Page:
Essex & Community Historical Research Society has been active within the community for more than ten years. We are constantly thriving to maintain the historical integrity within the community by preserving a variety of documents, pictures, and stories about, from and by the community of Essex and surrounding areas.
The settlement of Essex dates back to the 1700s, when the land was surveyed by Thomas Smith. The land included 97 narrow farm lots running inland from Lake Erie between Mill Creek and Malden Township.
Settlement of the area continued throughout the 1800s ultimately creating Colchester Township and then Colchester North and Colchester South in 1879. Inland settlement continued and Harrow was surveyed in 1824 but experienced slow growth, however, after the Lake Erie, Essex and Detroit Railway established a route from Windsor to Kingsville via Harrow, the small community became an active business centre.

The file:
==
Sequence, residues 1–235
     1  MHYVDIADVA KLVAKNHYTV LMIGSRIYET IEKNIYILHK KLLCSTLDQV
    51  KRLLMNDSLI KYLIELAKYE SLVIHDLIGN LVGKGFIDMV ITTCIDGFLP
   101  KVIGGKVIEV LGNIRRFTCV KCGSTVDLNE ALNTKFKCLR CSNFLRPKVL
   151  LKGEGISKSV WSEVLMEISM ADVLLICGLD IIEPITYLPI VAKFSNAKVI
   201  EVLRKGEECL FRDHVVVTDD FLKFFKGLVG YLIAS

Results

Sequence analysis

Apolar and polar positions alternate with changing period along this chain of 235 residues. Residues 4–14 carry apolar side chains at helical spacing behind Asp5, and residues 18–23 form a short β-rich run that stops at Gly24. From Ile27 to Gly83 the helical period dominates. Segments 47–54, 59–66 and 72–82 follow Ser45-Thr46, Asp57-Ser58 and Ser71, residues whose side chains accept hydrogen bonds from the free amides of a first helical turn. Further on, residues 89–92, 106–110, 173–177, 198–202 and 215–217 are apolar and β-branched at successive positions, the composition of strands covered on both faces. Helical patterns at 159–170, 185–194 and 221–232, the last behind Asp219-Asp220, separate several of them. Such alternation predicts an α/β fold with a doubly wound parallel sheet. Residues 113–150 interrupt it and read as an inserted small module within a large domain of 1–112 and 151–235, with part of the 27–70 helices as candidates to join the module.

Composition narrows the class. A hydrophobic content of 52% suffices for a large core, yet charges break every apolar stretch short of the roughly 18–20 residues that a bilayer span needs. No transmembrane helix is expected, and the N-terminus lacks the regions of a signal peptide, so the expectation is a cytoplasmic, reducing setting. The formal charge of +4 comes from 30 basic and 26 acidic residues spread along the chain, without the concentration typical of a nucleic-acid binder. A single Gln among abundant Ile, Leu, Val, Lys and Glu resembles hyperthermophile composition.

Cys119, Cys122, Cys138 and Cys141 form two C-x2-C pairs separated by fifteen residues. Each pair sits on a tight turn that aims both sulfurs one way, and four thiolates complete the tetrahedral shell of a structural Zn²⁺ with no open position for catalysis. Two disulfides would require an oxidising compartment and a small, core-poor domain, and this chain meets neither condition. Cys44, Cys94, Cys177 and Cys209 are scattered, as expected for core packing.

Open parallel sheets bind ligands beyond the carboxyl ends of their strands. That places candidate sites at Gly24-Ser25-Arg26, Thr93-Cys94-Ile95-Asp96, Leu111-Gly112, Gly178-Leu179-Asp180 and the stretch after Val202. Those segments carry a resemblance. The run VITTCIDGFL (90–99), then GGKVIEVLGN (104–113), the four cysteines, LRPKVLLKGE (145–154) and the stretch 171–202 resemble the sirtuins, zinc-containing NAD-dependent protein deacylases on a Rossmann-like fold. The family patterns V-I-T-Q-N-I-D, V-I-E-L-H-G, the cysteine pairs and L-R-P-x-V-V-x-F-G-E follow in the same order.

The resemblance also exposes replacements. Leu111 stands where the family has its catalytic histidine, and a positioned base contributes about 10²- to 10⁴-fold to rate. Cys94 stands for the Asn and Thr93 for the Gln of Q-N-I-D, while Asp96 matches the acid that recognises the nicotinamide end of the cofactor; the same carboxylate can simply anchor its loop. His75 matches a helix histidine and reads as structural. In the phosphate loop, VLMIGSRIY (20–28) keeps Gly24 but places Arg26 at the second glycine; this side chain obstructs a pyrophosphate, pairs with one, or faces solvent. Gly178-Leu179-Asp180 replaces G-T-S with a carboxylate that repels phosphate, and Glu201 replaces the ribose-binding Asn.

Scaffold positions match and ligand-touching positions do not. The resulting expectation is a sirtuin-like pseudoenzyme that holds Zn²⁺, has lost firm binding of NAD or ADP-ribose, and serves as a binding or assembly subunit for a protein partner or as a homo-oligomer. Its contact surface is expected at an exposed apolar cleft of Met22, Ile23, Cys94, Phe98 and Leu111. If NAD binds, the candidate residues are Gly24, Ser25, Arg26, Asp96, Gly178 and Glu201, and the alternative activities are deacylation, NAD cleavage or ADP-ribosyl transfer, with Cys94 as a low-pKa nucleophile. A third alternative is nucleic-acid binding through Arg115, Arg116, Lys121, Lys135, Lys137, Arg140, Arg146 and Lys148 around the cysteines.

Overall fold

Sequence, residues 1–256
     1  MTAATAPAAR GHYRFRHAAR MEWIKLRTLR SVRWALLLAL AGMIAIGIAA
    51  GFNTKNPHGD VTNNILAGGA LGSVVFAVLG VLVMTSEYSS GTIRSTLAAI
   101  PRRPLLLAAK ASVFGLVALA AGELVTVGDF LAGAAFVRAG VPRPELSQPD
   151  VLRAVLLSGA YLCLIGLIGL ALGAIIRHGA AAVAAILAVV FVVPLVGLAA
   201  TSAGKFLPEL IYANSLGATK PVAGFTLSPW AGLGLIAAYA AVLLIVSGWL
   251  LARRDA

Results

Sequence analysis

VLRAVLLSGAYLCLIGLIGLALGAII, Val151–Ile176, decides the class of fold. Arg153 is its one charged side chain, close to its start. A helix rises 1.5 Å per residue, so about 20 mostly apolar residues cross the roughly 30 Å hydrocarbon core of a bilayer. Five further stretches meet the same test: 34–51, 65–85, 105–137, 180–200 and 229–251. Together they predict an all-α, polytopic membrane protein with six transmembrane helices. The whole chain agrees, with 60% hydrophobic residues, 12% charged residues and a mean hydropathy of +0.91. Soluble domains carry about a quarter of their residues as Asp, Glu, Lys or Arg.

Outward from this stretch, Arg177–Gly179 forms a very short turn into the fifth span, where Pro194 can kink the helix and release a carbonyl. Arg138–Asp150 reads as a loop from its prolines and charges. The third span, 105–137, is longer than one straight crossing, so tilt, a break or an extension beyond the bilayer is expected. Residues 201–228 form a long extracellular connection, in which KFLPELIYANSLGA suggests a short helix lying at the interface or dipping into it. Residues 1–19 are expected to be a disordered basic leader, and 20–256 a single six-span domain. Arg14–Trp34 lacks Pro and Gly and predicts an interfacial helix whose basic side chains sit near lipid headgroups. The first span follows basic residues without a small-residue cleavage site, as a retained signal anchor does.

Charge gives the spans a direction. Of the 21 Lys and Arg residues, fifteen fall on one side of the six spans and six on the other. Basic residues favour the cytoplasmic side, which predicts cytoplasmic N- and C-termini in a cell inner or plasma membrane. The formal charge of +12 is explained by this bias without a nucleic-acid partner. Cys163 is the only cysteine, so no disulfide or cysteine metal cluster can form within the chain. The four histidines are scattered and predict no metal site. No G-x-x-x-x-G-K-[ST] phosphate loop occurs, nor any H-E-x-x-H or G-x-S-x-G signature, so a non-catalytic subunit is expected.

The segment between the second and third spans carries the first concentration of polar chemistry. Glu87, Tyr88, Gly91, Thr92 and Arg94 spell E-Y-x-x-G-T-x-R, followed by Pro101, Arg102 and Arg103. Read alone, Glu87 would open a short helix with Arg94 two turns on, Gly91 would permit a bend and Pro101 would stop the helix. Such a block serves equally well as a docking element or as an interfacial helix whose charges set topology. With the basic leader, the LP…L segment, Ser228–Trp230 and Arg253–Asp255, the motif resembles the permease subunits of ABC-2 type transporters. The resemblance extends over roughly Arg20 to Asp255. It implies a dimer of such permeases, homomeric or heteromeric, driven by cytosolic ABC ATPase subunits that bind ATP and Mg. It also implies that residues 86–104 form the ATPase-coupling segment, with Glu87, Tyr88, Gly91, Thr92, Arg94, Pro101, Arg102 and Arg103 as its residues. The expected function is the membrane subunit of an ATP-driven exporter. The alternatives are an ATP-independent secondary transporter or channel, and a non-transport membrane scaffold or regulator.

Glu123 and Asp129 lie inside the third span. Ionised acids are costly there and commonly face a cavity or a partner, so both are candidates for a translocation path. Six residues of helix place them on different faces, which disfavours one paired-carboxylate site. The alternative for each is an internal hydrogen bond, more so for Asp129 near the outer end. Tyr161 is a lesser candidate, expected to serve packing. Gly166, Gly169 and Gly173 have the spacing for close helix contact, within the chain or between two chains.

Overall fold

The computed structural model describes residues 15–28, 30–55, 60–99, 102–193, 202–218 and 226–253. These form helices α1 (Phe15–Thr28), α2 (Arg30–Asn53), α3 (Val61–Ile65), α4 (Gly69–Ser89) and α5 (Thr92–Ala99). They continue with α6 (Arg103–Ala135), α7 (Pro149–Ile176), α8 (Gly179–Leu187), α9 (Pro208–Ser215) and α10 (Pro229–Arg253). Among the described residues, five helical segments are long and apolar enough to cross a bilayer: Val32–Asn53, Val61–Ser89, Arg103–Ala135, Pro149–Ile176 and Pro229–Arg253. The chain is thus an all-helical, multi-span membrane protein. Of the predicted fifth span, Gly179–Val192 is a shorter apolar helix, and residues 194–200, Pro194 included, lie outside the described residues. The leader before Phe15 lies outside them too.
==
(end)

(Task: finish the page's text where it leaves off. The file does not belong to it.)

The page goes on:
Further inland, Essex Centre was following a similar path to development. At the hub of Essex County, Essex Centre came to be when the Canada Southern Railway developed tracks that laid across the Talbot Trail in 1872. The village of Essex Centre was incorporated in January 1884 as the settlement quickly grew with the lumber industry and other key services.
Achieving town status in 1890, the settlement became known as Essex and to distinguish between the urban centre from the municipality, Council re-adopted the name Essex Centre after amalgamation.
The town of Essex known today was officially created on January 1, 1999 when the former towns of Essex and Harrow and the former townships of Colchester North and Colchester South were amalgamated. This merger effectively restored the boundaries of Colchester Township as it had been established in 1792.**
Alexander Cameron purchased the site to be called Essex Village from Timothy Jones.
Timothy was pleased to finally have his land a Town.
**Information from the Essex County website: https://www.essex.ca/en/discover/localhistory.asp
Portrait of Alexander Cameron, courtesy of McCord Museum.